Israel's Labor party elects newcomer Gabbay as leader

Israel's Labor party elected political newcomer Avi Gabbay as its leader Monday hoping to inject new blood into the movement that steered the country in the decades after independence but has been shut out of power for 16 years.

Labor led the Jewish state for its first three decades, leaving its mark on all aspects of Israeli society through wars, crises and the pursuit of peace. But it has not governed since then Prime Minister Ehud Barak was defeated in 2001 following a failed attempt to reach peace with the Palestinians.

"This is the day hope won,"Gabbay said in his victory speech. "The day of returning to our senses. The day of returning to our values."

He said his campaign to oppose Prime Minister Benjamin Netanyahu and "replace the government in Israel" starts Tuesday.

Gabbay, 50, won by a small margin in a runoff vote against Amir Peretz, a former party leader and defense minister.

The winner called on Peretz to "join forces," saying his experience is needed.

Peretz said he phoned Gabbay to congratulate him. He said he will help him and the party "on the journey to replace Netanyahu, which we really hope will become reality."

Gabbay is relatively unknown in Israeli politics. He served a brief stint as environment minister under Netanyahu's right-wing coalition. He then resigned in protest last year and joined Labor when Netanyahu ousted Defense Minister Moshe Yaalon in favor of nationalist Avigdor Lieberman.

A former telecom executive, Gabbay stresses his humble beginnings before his rise to prominence in the business world as the seventh of eight children born to immigrants from Morocco.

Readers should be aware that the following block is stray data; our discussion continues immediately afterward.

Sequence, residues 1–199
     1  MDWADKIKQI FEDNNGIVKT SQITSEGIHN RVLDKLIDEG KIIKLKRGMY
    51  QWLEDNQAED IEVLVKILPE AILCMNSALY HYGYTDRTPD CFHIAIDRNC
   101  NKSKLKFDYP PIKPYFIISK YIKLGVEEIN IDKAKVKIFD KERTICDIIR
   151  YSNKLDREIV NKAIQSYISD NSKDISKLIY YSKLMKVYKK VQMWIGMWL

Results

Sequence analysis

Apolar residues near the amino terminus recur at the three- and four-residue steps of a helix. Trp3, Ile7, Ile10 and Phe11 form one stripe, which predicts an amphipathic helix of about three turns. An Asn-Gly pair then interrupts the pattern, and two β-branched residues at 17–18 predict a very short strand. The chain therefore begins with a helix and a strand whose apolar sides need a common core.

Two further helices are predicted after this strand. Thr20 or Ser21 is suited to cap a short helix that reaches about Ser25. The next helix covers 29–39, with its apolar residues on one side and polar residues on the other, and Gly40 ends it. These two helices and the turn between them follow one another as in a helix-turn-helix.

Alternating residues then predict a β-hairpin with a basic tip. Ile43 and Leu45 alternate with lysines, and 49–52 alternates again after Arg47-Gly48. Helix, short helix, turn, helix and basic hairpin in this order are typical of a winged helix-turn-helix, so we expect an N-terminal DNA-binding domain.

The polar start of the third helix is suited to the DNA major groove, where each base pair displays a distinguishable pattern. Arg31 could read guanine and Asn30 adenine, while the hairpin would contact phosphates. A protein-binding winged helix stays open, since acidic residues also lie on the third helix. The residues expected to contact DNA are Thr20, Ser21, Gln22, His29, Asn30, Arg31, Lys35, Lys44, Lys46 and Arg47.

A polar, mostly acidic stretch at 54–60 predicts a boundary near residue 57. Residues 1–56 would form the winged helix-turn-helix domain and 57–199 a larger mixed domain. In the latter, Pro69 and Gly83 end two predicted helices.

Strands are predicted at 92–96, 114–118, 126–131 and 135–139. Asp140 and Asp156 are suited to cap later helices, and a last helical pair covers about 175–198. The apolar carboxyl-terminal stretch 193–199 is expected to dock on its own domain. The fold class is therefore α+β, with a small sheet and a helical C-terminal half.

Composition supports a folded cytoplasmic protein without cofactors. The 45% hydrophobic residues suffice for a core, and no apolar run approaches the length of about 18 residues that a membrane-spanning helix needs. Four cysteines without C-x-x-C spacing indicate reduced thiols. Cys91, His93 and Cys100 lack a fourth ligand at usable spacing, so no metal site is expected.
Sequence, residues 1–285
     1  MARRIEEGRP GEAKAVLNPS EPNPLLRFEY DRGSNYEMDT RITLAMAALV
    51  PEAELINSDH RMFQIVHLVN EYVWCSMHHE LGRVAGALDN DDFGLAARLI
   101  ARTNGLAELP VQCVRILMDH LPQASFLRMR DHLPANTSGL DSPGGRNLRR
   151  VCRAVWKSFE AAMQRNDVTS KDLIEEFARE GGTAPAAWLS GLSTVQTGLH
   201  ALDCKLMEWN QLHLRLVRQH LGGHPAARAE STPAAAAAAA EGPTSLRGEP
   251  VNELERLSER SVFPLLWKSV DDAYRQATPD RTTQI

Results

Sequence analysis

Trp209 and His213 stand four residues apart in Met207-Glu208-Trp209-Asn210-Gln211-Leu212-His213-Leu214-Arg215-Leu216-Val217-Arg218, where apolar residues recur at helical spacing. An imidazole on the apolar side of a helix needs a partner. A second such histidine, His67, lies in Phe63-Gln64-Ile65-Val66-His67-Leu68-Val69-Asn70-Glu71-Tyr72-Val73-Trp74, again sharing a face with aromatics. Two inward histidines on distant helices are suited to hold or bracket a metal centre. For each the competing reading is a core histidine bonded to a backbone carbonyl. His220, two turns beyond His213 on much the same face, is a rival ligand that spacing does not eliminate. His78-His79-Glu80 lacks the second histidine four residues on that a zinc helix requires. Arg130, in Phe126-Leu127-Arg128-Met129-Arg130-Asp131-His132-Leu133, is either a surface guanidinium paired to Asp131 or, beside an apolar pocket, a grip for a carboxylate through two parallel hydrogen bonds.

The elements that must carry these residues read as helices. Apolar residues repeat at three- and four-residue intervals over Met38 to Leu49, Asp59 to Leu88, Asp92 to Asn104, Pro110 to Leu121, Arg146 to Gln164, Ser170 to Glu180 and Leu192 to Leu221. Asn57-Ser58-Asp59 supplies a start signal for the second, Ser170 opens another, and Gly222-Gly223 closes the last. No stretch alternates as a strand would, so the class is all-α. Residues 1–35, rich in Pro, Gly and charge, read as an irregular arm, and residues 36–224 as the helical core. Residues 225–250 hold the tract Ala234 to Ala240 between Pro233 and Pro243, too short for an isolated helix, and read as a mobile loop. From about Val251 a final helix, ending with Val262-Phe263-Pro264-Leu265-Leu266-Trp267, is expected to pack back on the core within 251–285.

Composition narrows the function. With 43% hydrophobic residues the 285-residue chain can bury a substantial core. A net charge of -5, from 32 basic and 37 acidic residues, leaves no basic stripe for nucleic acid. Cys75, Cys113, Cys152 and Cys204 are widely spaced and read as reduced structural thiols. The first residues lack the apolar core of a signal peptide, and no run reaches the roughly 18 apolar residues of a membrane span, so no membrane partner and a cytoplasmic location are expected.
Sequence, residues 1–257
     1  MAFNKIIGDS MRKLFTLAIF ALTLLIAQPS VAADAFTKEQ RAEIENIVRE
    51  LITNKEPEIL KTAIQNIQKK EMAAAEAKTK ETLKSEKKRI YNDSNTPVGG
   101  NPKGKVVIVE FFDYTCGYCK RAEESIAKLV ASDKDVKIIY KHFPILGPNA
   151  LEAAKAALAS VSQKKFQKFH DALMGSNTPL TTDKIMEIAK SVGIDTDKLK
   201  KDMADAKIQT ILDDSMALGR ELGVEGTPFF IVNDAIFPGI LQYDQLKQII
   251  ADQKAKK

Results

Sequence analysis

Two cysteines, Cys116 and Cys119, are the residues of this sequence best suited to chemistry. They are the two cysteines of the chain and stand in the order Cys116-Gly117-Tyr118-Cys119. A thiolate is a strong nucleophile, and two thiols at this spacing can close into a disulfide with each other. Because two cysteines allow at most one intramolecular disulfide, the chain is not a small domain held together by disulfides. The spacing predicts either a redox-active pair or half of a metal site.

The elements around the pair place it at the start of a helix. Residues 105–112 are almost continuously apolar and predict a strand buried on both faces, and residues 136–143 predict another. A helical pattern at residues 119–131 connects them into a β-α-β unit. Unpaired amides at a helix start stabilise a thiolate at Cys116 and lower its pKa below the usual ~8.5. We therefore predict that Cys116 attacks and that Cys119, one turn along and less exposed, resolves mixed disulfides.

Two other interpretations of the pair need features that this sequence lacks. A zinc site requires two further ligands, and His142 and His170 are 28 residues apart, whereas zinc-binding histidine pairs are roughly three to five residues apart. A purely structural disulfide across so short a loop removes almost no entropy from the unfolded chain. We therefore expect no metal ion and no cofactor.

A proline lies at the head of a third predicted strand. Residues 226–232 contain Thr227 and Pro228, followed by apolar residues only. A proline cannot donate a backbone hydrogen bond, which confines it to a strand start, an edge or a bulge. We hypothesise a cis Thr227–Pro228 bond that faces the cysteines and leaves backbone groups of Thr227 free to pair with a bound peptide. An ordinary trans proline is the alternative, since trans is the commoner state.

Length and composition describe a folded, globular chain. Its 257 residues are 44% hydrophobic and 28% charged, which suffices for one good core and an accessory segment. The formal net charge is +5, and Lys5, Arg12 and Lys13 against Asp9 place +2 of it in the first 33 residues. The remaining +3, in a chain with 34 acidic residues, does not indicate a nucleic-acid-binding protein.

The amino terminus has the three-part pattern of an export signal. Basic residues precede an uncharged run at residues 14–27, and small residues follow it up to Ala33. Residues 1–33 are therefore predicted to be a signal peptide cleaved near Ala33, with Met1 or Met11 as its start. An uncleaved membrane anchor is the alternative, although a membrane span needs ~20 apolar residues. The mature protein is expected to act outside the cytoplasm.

Labor still has a long way to go before returning to its former glory as the party of David Ben-Gurion, Golda Meir and Yitzhak Rabin. The past 16 years have been a downward spiral as the public has grown disillusioned with its dovish message of Middle East peace amid Palestinian violence and regional upheaval.

Labor's early leaders of European, or Ashkenazi, descent took a paternalistic attitude toward Jewish immigrants from Arabic-speaking countries in the Middle East and North Africa. Many of these immigrants, known as Mizrahi Jews, were sent to shantytown transit camps and largely sidelined.

They found their political savior in the Likud Party's Menachem Begin, who cultivated an outsiders' alliance that appealed to their sense of deprivation. With strong backing from Mizrahi Jews, he swept to power in 1977.

In many ways, Labor has been fighting back ever since, rarely wresting control from Likud.

Barak, the last Labor prime minister, tweeted "Revolution!" after Gabbay's win. He added that Netanyahu "is sweating and rightly so."

There was no immediate comment from Netanyahu's office.

The next national election isn't scheduled until late 2019, but opinion polls indicate Labor could win just 10 to 15 seats in the 120-seat parliament, making it Israel's fourth- or even fifth-largest party.

The new Labor chairman would usually be the country's opposition leader, a formal role that affords meetings with visiting foreign dignitaries and high-profile speaking opportunities. But Gabbay is not a member of parliament and in his victory speech he asked former Labor chairman Isaac Herzog if he would take the role of opposition leader. Herzog lost the party leadership post in an earlier round of voting last week.